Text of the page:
What You Need to Know About Ear Candling

Woman receiving ear candle treatment

DIY is all the rage nowadays and everyone appreciates a quick easy fix. Got a leaky sink? Just search YouTube for the right plumbing tutorial, buy the recommended tools, and get to work! It may take you a little bit longer than it would take a plumber, but there’s no replacement for the satisfaction you feel, right?

At least, until your sink starts leaking again. Because, as it so happens, in some cases a DIY fix is no substitute for the well-honed skills of a professional.

Sometimes, that’s difficult to admit. And, in part, that’s why people will often continue to seek out “easy” DIY-fixes for complex problems, which might help explain the popularity of something known as ear candling (or, sometimes, earwax candling). It sounds… sort of gross, right? So, just what is ear candling, and how is it maybe not the best thing ever? Well, let’s get into that.

Ear candling – what is it?

Have you ever had a plugged-ear kind of feeling? Sometimes, it occurs when you’re ill and your ear fills with mucus. An excessive amount of earwax can also cause this feeling and that can occur for a number of reasons. When this occurs, you might experience a certain amount of discomfort. Your hearing might even temporarily go. It’s no fun!

Some people, because of this, think that ear candling is just the cheap and novel solution they need. The idea is to place the non-burning end of a special, hollow candle in your ear. People think that the wax and mucus are pulled out by the blend of heat and pressure changes in your ear.

Healthcare professionals absolutely don’t suggest this technique. Do ear candles really pull wax out? No. There’s positively no evidence that ear candling is effective (especially not in the way that it’s supposed to work). Essentially, the vast majority of hearing and healthcare professionals will strongly recommend against ever utilizing this approach. Ear candling also has no effect on sinus pressure.

The FDA also strongly advises against this approach.

The negative aspects of ear candling

At first, ear candling might feel perfectly safe. It’s just a tiny flame. And the “equipment” is specialized. And individuals on the internet claimed it was safe! So, how could ear candling be harmful?

Ear candling can, unfortunately, be quite hazardous and there’s no way of getting around that! What are the negative effects of ear candling? Here are just a few of the (possibly painful) ways that ear candling can impact your health:

  • You can severely burn your ear: Fire is hot, and so is melting candle wax. Your ear is really sensitive and significant burning can take place if the flame or the hot wax gets someplace it shouldn’t.
  • You could seriously burn your face: Look, any time you’re positioning candles that close to your face, there’s a strong possibility you’ll burn yourself. Everybody has accidents once in a while. It’s all too easy for candle wax to trickle into your eyes or for your hair to catch on fire or for your face to become seriously burned.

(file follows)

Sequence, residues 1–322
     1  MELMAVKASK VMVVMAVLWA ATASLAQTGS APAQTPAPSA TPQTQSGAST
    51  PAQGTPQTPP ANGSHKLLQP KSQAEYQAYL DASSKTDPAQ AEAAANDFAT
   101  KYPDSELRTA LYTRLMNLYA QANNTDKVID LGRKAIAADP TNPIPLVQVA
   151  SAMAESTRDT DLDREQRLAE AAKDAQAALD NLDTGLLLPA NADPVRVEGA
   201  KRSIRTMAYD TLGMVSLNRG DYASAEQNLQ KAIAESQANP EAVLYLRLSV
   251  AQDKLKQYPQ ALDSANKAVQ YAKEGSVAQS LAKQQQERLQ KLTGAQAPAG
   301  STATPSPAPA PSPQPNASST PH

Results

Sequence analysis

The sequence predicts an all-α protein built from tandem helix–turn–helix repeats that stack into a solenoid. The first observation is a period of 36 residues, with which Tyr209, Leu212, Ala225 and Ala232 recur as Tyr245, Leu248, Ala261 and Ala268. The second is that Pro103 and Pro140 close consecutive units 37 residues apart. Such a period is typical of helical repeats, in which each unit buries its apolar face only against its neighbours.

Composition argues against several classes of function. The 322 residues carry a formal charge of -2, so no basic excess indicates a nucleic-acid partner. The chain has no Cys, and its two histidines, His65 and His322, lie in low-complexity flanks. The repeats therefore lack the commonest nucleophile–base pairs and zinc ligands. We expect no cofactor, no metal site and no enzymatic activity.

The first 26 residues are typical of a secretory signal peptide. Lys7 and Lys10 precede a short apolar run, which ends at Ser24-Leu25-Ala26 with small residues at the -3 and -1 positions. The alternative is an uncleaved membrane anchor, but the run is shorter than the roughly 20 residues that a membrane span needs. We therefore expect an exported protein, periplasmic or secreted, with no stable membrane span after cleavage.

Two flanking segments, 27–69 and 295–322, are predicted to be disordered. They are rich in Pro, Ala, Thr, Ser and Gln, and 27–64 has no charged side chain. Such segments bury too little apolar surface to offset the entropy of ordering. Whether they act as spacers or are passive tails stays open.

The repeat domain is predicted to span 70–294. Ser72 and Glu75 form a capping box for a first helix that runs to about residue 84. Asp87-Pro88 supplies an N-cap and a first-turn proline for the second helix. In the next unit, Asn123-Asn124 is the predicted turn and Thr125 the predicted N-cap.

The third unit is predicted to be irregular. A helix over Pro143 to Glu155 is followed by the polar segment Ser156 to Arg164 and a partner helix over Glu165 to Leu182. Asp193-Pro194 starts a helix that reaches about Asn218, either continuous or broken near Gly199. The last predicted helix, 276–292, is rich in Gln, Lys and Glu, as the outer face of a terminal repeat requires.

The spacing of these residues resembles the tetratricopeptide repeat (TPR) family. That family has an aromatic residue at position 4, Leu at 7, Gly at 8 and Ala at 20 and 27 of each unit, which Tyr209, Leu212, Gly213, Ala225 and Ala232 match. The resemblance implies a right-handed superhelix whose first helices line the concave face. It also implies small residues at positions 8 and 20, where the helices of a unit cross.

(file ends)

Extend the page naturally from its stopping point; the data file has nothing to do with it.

• You can jam that earwax even further up into your ear: In much the same way that sticking a Q-tip in your ear can smoosh the earwax into an ever-more-dense blockage, so too can pushing a specialized candle into your ear. In other words, ear candling can make your earwax issue worse! Other complications, from hearing loss to ear infections can also be the consequence.
  • Your Eardrum may accidentally get pierced: Whenever you put something into your ear, you put yourself at risk! Your hearing will suffer significant damage and discomfort if you end up puncturing your eardrum. If this occurs it’s very likely that you will have to get professional help.
  • Your ear can have surplus candle wax left behind: Even if you don’t get burned, surplus ear candle wax can get left behind in your ears. Your hearing can become impacted from this, not to mention the discomfort.

So, is ear candling recommended by hearing healthcare professionals? Not at all! Not only is ear candling not practical, it’s actually very dangerous!

So how should you remove earwax?

Ear wax is usually pretty healthy. It’s helpful for your ears in normal quantities. It’s only when there’s too much earwax (or it isn’t draining correctly) that you begin to have issues. So what should you do if using a candle is a bad idea?

Seek advice from a hearing specialist if you have a stubborn earwax obstruction. They might advise some at-home remedies (like using saline or mineral oil to soften the wax, allowing it to sort of run out by itself). But they may also clean out your ear during your visit.

Hearing specialists have specific tools and training that let them remove wax without damaging your ear.

Generally, you should avoid techniques such as using cotton swabs and earwax candling. Unless your hearing specialist says differently, it’s a good plan to never put anything smaller than your finger in your ear.

Give your ears some relief

If accumulated earwax is causing you a little discomfort or distress, you should schedule an appointment with us. We can help you get back to normal by eliminating any stubborn earwax.


The site information is for educational and informational purposes only and does not constitute medical advice. To receive personalized advice or treatment, schedule an appointment.


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